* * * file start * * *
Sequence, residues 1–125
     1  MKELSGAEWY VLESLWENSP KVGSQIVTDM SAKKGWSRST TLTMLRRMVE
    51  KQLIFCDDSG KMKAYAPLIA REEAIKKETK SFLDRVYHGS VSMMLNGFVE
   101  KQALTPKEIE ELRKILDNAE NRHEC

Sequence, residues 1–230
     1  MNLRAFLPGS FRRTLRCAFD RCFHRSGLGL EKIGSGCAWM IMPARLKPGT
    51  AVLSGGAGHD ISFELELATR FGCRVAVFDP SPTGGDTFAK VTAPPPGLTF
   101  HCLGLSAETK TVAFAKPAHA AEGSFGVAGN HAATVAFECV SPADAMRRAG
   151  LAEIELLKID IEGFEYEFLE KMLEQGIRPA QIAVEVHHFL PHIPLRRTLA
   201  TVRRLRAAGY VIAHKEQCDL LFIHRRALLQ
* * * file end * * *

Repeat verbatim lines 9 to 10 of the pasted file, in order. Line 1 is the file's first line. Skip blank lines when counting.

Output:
   151  LAEIELLKID IEGFEYEFLE KMLEQGIRPA QIAVEVHHFL PHIPLRRTLA
   201  TVRRLRAAGY VIAHKEQCDL LFIHRRALLQ